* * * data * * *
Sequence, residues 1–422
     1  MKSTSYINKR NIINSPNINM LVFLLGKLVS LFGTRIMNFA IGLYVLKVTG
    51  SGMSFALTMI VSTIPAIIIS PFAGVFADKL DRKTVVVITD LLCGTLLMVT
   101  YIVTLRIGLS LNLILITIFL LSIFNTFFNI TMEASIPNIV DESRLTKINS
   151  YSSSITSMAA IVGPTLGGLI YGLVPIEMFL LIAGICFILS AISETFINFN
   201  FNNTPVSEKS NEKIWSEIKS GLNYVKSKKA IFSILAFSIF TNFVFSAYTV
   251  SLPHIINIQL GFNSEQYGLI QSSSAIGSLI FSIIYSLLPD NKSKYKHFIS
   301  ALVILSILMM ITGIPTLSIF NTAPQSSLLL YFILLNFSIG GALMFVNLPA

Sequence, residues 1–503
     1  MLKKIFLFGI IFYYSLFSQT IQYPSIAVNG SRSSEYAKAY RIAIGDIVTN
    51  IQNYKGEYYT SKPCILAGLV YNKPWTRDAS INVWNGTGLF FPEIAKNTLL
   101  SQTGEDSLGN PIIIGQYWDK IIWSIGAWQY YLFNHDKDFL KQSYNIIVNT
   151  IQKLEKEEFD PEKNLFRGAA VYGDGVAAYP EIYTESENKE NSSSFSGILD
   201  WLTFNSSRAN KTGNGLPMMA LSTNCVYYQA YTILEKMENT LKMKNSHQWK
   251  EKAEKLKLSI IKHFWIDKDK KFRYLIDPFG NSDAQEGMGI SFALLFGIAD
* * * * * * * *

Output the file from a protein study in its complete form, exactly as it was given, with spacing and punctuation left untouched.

Sequence, residues 1–422
     1  MKSTSYINKR NIINSPNINM LVFLLGKLVS LFGTRIMNFA IGLYVLKVTG
    51  SGMSFALTMI VSTIPAIIIS PFAGVFADKL DRKTVVVITD LLCGTLLMVT
   101  YIVTLRIGLS LNLILITIFL LSIFNTFFNI TMEASIPNIV DESRLTKINS
   151  YSSSITSMAA IVGPTLGGLI YGLVPIEMFL LIAGICFILS AISETFINFN
   201  FNNTPVSEKS NEKIWSEIKS GLNYVKSKKA IFSILAFSIF TNFVFSAYTV
   251  SLPHIINIQL GFNSEQYGLI QSSSAIGSLI FSIIYSLLPD NKSKYKHFIS
   301  ALVILSILMM ITGIPTLSIF NTAPQSSLLL YFILLNFSIG GALMFVNLPA

Sequence, residues 1–503
     1  MLKKIFLFGI IFYYSLFSQT IQYPSIAVNG SRSSEYAKAY RIAIGDIVTN
    51  IQNYKGEYYT SKPCILAGLV YNKPWTRDAS INVWNGTGLF FPEIAKNTLL
   101  SQTGEDSLGN PIIIGQYWDK IIWSIGAWQY YLFNHDKDFL KQSYNIIVNT
   151  IQKLEKEEFD PEKNLFRGAA VYGDGVAAYP EIYTESENKE NSSSFSGILD
   201  WLTFNSSRAN KTGNGLPMMA LSTNCVYYQA YTILEKMENT LKMKNSHQWK
   251  EKAEKLKLSI IKHFWIDKDK KFRYLIDPFG NSDAQEGMGI SFALLFGIAD